‘Face-mask’ asteroid to practice social distancing today

Thankfully the large asteroid 52768 (1998 OR2) will fly by Earth at a safe distance
asteroid "This is as close as I'm coming, Earth!" (Arecibo Observatory/NASA/NSF)


If we were to tell you that even asteroids and comets are practicing social distancing right now due to COVID-19, you would rightfully call us silly.

But then we'd ask you to look at the image above and say, "Look, it's even wearing a face mask!" And you'd say...

No, really. I thought I asked you to stop being silly.

And you know what? You'd be right to say that. But either way, we're grateful that the asteroid known as 52768 (1998 OR2) will be respecting our personal space as it flies by Earth today.

Because at somewhere between 1.8 and 4.1 kilometres (1.1 – 2.5 miles) wide, this thing would leave quite the mark on our planet if we collided.

Zoom call

asteroid

This graph shows how close the asteroid will come relative to the rest of our solar system. (Arecibo Observatory)

This asteroid is really going to be zooming during today's fly-by. Its speed will be about 19,641 miles per hour. Wow! And how close will it come again?

Well, that's the good part. Because in a place as huge as our solar system, flying close by still means it will only get as close as 6,290,589 kilometres (3,908,791 miles) away. That's 16 times the distance from here to the Moon, or about 1,700 times the distance between Montreal and Vancouver.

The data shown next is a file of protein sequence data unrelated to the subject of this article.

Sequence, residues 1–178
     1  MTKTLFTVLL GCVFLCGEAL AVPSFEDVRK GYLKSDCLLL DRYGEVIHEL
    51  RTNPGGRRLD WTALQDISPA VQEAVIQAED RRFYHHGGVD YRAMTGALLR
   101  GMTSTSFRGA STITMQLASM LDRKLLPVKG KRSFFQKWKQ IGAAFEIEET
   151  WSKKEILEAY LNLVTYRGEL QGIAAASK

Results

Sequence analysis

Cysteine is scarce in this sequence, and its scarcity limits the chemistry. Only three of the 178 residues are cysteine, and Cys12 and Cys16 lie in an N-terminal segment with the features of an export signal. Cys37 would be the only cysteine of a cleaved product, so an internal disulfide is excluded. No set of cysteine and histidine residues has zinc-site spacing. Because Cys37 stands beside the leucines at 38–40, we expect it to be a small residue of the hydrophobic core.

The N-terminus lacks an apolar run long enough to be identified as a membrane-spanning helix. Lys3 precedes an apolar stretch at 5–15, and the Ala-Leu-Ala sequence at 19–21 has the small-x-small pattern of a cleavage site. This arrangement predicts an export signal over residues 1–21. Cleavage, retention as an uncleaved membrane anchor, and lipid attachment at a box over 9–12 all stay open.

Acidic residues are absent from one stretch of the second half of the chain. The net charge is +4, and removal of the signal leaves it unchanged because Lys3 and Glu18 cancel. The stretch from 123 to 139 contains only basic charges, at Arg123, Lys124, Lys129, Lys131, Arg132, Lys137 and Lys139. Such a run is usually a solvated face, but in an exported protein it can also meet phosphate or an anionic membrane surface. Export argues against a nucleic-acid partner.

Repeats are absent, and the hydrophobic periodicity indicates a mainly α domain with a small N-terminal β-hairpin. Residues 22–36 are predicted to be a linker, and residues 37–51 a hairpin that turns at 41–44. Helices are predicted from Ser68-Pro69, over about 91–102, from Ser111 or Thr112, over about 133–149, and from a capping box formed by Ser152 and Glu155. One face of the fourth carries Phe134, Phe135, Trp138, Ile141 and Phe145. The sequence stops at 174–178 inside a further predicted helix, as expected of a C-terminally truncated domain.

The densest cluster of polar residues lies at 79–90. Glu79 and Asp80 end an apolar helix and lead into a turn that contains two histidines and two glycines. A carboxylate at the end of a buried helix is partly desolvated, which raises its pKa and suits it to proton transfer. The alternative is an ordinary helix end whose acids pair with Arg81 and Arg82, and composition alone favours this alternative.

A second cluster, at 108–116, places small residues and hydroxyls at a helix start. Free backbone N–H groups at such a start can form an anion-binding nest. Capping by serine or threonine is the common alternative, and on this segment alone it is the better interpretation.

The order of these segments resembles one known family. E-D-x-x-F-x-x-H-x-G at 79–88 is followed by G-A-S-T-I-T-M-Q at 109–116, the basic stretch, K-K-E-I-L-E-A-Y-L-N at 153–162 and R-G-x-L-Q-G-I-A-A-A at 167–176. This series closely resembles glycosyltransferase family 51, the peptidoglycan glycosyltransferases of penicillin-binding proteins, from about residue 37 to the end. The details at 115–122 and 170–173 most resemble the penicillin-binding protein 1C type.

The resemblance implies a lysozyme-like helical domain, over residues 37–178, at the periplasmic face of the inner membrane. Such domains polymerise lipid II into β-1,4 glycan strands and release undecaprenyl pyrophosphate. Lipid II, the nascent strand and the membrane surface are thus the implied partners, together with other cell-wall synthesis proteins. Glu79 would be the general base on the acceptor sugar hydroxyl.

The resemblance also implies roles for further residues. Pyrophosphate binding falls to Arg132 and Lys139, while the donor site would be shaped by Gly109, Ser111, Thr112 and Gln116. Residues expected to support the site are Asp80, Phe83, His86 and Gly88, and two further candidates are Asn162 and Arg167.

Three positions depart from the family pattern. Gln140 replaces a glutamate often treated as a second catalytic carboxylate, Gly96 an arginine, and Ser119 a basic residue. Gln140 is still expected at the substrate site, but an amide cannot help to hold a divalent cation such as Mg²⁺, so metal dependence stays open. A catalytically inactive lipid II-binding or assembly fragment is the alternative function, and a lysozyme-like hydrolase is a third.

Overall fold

So, why are we talking about this again?

Because when we're talking about giant islands of rock shooting through space like cannonballs, it's always worth talking about!

Eye on the sky

Embed from Getty Images

The Arecibo Observatory is one of the largest radio telescopes in the world. (Getty Embed)

Astronomers at places like the Arecibo Observatory in Puerto Rico make it their job to know exactly what is flying around our home and when. In the case of this asteroid, they've known about it since 1998 — and have also known that it would fly by us today.

So they also get to take cool pictures of it and make jokes about it wearing a face mask.

In reality, the asteroid actually has a number of mountain-like features on one side. But according to Anne Virkki, head of planetary radar at Arecibo Observatory, "since we are all thinking about Covid-19, these features make it look like 1998 OR2 remembered to wear a mask."

We would just like to remind 52768 (1998 OR2) that social distancing has not yet been relaxed in Canada, so please stay up there. Yes, that's right.

 


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